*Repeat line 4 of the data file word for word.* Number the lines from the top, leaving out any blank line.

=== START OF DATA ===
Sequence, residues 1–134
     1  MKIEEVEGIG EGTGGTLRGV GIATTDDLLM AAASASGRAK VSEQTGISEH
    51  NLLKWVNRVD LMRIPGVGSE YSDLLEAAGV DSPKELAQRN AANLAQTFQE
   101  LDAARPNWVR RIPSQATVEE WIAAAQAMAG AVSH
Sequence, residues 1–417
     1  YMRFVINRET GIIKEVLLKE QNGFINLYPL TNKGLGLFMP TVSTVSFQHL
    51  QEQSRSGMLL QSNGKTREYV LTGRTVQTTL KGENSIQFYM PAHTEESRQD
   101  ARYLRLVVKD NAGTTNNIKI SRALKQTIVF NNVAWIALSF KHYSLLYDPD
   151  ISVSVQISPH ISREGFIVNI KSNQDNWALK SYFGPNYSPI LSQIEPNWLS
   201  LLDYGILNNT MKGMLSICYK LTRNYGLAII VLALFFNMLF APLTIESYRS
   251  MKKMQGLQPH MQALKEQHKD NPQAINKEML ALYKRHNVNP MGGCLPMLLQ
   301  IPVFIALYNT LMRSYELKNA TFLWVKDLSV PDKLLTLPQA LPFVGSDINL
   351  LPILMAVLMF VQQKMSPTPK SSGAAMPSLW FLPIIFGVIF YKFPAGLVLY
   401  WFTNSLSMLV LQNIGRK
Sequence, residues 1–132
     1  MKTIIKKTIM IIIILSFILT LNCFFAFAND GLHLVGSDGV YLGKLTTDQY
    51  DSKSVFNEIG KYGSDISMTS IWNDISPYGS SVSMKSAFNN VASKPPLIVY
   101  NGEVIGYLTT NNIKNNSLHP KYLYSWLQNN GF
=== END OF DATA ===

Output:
   101  LDAARPNWVR RIPSQATVEE WIAAAQAMAG AVSH